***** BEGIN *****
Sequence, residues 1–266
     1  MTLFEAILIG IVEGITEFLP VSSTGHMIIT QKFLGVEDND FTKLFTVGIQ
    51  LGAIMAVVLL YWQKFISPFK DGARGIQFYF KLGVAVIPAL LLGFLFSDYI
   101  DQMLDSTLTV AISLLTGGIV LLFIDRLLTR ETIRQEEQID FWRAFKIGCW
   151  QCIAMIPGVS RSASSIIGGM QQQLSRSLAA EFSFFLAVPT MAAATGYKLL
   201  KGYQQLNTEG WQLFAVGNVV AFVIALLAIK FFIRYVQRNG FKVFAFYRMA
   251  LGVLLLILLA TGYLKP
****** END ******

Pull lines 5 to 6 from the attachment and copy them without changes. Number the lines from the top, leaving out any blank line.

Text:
   151  QCIAMIPGVS RSASSIIGGM QQQLSRSLAA EFSFFLAVPT MAAATGYKLL
   201  KGYQQLNTEG WQLFAVGNVV AFVIALLAIK FFIRYVQRNG FKVFAFYRMA